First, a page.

Our Culture

Jawoyn refers to language, culture, people and country.

It is our parents’ affiliation and knowledge and our connectedness to Jawoyn country that makes us who we are.

The majority of Jawoyn live on or close to Jawoyn traditional lands, with the many living close to Katherine in small communities.

Prior to colonisation, Jawoyn was made up of 43 clans, however many clans have disappeared or combined with others. Today there are 17 distinct clans with responsibilities for specific country.

In the time called Buwurr, which many know as The Dreaming, we were given Lore. It is Lore that guides our beliefs, our traditions and how we care for our country.

Buwurr is not something that just happened in the past, it is as significant today as it was back in the time of our ancestors walked the land.

It encompasses all aspects of life. It is the land, its gorges, its plants and animals, its rocks and rivers, and the people and all living creatures.

During the Dreaming, creative beings gave the land its form and life.

They made the landscape, they put the plants and animals into the land, created the first people that would belong to it and gave the country its language. They laid down the laws and rules people should obey.


Community, culture and country lay at the heart of our work.
Bolung – The Rainbow Serpent

The corridor of stone Nabilil’s water flows are the track of Bolung, also known as the Rainbow Serpent.

Bolung rests in the deep water at the second gorge at Nitmiluk. The spirit being is an important life giving figure but may also act as a destroyer. Bolung can take the form of lighting and may bring monsoonal floods.

Unlike other Jawoyn Dreaming figures which may be addressed for assistance in hunting and foraging, such as Barraya (the Kookaburra), Bolung must not be spoken to and must be left undisturbed.

Our people do not fish in the pools where Bolung sits. When fishing close to these pools, we can take only a small portion of the fish caught and throw-back the rest in order to appease Bolung.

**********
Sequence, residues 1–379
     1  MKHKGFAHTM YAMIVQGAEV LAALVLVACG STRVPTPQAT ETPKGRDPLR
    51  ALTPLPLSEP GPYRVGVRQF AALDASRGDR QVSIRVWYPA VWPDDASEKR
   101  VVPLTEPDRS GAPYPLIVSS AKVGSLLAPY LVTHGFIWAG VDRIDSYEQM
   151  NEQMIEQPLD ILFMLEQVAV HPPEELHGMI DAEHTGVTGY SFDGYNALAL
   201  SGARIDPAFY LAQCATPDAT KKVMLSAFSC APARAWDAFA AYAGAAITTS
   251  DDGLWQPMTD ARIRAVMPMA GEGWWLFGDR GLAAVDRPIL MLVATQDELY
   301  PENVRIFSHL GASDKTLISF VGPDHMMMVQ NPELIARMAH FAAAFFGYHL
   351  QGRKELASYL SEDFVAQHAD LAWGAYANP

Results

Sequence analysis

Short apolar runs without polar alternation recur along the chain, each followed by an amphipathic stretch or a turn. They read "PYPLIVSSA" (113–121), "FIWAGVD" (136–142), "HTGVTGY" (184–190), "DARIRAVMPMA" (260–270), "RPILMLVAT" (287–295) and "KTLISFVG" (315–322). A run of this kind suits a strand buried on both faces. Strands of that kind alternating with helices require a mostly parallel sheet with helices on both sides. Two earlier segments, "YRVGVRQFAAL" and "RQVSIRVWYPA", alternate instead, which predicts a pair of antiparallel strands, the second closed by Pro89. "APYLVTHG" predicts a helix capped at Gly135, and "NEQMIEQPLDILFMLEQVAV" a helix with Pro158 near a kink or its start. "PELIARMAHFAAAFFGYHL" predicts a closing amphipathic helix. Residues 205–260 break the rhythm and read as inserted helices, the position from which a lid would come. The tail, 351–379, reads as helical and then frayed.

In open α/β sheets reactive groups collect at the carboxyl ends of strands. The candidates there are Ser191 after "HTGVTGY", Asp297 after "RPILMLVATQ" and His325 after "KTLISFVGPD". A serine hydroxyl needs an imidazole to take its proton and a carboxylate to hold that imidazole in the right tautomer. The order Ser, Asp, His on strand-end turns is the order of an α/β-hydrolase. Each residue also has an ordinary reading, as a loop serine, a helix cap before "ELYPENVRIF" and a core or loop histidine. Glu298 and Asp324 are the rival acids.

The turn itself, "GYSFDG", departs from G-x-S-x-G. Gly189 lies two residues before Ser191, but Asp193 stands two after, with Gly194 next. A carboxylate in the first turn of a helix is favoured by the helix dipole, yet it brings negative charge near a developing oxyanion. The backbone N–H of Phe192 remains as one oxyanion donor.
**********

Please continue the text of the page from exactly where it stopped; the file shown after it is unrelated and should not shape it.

Drinking water must not be taken from these deep pools but rather from the shallow associated waters. Pregnant women and new initiates may not swim in the Katherine River for fear of disturbing Bolung.


Jawoyn land was created by the powerful ancestor Bula, who came from saltwater country to the north.

With his two wives, the Ngalenjilenji, he hunted across the land and in doing so transformed the landscape through his actions.

In a number of places, Bula left his image as paintings in rock shelters.


During the Dreaming, ancestral beings assigned everything in the world – people, animals, plants, places – to either the Dhuwa or Yirritja moiety.

The spirit being from the north, Nagorrko taught Jawoyn behaviour and marriage relationships.

It was through Nagorrko that people were divided into Yirritja and Duwa groups called moieties. Nagorrko also gave us the Law about mowurrwurr, or clan groups and showed us what foods different mowurrwurr could or could not eat.


Everything in the world is assigned a moiety, and it forms one of the most important principles within Jawoyn society.

The moieties Duwa and Yirritja and all the things associated with them bring balance to the natural and cultural world.

Each moiety is associated with particular colour and proportions: Dhuwa colours are darker (red and black) and associated with shortness. Yirritja colours are lighter (yellow and white) and associated with tallness. For example, the black cockatoo is Dhuwa, the white cockatoo is Yirritja, the short neck turtle is Yirritja, and the long neck turtle is Dhuwa.

Through a traditional marriage system, a child’s moiety will be the same as his/her father and opposite to his/her mother. Simply a Dhuwa person should marry a Yirritja person.


Under the moieties, there are a further sixteen social divisions, or “skin”, which is traditionally inherited from the mother and has a cycle which continues through several generations. It provides comparable inherited links between mother and children for other skin groups.